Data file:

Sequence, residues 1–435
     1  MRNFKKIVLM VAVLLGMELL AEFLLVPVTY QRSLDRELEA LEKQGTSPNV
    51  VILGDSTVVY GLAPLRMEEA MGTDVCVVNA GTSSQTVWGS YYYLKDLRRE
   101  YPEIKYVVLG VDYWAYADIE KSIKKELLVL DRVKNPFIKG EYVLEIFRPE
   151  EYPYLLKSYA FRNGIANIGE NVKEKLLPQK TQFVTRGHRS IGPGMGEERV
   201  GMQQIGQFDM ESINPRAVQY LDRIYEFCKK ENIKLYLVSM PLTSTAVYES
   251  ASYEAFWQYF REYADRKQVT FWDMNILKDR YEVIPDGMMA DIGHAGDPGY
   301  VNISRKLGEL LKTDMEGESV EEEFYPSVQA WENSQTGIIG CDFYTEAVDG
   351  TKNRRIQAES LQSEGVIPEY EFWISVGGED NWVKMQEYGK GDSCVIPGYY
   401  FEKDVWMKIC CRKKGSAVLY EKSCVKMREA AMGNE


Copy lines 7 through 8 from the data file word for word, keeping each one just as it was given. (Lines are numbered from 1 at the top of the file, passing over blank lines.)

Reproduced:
   251  ASYEAFWQYF REYADRKQVT FWDMNILKDR YEVIPDGMMA DIGHAGDPGY
   301  VNISRKLGEL LKTDMEGESV EEEFYPSVQA WENSQTGIIG CDFYTEAVDG